405 F3d 652 Powell v. Johnson

405 F.3d 652

Richard POWELL, Plaintiff — Appellee,
Randy JOHNSON, Individually and as Sheriff of Pulaski County; Carol Kimble, Individually and as Captain in the Pulaski County Sheriff's Department; Sherry Rainey, Individually and as Lieutenant in the Pulaski County Sheriff's Department; Charles Polk, Individually and as an employee of Pulaski County Sheriff's Department; Pulaski County Sheriff Department, Defendants — Appellants.

No. 04-1684.

United States Court of Appeals, Eighth Circuit.

Submitted: December 13, 2004.

Filed: May 2, 2005.

David Mack Fuqua, argued, Little Rock, AR (James M. McHaney, Jr., on the brief), for appellant.

Lucien Ramseur Gillham, Little Rock, AR (L. Oneal Sutter and Franki E. Heenan, on the brief), for appellee.

Before MELLOY, BRIGHT, and BENTON, Circuit Judges.

MELLOY, Circuit Judge.

I. Procedural History

view counter

Richard Powell ("Powell") brought this action against his employer, the Pulaski County Sheriff s Department (the "Sheriff's Department"). Powell asserts that he was demoted in retaliation for filing previous lawsuits against Appellants Randy Johnson and Charles Polk.


Appellants moved for summary judgment on the merits and, in their individual capacities, on the basis of qualified immunity. Initially, the trial court granted the Appellants' motion for summary judgment on the merits and dismissed the case. Powell filed a motion to alter or amend the judgment. After a hearing, the trial court found triable issues of material fact that precluded summary judgment. The trial court also denied the Appellants qualified immunity.


On appeal, the Appellants argue they are entitled to qualified immunity because the decision to demote Powell was reasonable in light of clearly established law. Appellants also seek summary judgment on the merits.

II. Factual Background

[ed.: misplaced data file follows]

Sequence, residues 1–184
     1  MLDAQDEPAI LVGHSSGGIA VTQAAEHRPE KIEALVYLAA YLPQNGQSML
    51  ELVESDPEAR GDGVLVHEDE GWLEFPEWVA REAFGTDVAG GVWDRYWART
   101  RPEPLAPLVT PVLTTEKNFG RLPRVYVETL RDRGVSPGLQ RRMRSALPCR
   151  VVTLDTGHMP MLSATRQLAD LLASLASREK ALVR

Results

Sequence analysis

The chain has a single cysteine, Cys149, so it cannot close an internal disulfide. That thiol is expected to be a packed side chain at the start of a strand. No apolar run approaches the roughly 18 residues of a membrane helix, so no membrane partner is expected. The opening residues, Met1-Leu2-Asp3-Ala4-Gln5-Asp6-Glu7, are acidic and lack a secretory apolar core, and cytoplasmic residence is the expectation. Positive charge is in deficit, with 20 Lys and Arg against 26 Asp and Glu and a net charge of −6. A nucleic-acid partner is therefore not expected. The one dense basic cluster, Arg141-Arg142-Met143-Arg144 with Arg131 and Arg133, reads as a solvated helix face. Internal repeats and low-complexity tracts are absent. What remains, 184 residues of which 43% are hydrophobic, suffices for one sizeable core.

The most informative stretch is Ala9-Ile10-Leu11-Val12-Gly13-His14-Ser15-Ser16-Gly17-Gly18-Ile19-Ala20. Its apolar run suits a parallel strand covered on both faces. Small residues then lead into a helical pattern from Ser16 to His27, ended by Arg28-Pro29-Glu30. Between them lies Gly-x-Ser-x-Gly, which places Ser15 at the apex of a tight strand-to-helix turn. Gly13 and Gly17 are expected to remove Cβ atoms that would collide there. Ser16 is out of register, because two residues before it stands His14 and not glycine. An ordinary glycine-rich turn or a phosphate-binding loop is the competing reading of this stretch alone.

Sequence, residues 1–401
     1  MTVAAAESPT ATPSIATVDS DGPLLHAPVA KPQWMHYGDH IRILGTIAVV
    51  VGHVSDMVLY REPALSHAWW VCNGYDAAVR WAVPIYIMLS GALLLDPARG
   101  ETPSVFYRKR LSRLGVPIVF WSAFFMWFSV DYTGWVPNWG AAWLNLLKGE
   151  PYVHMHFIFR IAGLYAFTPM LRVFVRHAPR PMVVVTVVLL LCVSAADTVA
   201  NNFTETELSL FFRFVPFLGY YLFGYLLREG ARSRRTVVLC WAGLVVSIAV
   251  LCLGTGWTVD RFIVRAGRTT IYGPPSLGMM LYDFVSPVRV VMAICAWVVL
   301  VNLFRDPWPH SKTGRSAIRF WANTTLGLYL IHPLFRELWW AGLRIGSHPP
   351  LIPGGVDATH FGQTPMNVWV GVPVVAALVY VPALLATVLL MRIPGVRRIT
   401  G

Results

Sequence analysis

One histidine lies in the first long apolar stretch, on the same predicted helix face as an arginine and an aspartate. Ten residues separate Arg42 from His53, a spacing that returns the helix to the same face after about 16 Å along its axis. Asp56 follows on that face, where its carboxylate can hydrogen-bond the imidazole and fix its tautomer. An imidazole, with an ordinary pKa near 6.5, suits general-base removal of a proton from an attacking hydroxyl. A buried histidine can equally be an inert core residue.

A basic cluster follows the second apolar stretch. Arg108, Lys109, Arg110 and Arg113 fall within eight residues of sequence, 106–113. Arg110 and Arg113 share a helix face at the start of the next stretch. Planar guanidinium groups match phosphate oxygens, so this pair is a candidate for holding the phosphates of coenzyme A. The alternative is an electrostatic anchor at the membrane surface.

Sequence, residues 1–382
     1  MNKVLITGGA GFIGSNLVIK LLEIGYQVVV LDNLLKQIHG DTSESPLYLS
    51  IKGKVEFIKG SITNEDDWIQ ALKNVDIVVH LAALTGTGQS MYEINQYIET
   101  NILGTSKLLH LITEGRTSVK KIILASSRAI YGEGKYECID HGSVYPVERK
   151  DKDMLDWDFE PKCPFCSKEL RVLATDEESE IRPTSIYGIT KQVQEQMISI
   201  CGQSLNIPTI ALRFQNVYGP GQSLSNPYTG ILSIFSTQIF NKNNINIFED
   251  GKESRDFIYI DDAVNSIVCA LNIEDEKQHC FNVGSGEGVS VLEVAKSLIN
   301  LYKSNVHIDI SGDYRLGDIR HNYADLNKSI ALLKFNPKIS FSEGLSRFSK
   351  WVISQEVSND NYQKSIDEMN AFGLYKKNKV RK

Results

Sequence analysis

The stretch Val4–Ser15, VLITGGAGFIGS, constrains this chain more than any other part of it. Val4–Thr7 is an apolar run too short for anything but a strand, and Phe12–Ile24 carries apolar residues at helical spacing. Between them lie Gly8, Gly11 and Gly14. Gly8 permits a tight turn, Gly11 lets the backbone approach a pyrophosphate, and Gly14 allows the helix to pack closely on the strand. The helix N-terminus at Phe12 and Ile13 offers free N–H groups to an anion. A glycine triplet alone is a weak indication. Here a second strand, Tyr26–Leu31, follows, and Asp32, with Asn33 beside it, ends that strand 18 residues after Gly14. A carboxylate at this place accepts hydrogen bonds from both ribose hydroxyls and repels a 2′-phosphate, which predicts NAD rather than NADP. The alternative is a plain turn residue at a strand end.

Powell has filed two prior lawsuits against his employer. In 1988, he brought a § 1983 action against Johnson's predecessor, Carroll Gravett. First, Powell claimed that the Sheriff Department's promotion policy failed to award promotions based on merit and therefore deprived him of a property interest without due process of law. Second, Powell claimed that his employer denied him promotion because he criticized Gravett's promotion policies, in violation of the First Amendment. Powell had spoken out against the promotion policy, alleging it would adversely affect department operations and cause qualified officers to leave the department, which would decrease efficiency and increase training costs. The district court granted the defendants summary judgment on the due process claim but denied summary judgment on the First Amendment claim. This court affirmed, finding that Powell's speech was on a matter of public concern. The parties eventually reached a settlement agreement that required Gravett to publish a written promotion policy.


In 2000, Powell sued Johnson, Polk, and other members of the Sheriff's Department after being passed over for a promotion to lieutenant. In that suit, Powell claimed he had been denied promotion because he was not a political ally of Johnson or because Powell was interested in running for sheriff and therefore seen as a political threat by Johnson. In February 2001, Powell voluntarily dismissed his case.


On June 21, 2001, Captain Carol Kimble and Lieutenant Sherry Rainey visited a precinct office to which Rainey was to be assigned. During their visit, Kimble discovered an envelope on the shift sergeant's desk that contained three copies (of the five copies in existence) of a traffic citation issued in May 2000. The envelope was addressed to "Sean O'Nale," a fellow Sheriff's Department employee, and the handwriting on the envelope appeared to be Powell's. Kimble reported her discovery to the Chief Deputy, Charles Polk, who ordered an investigation into the incident.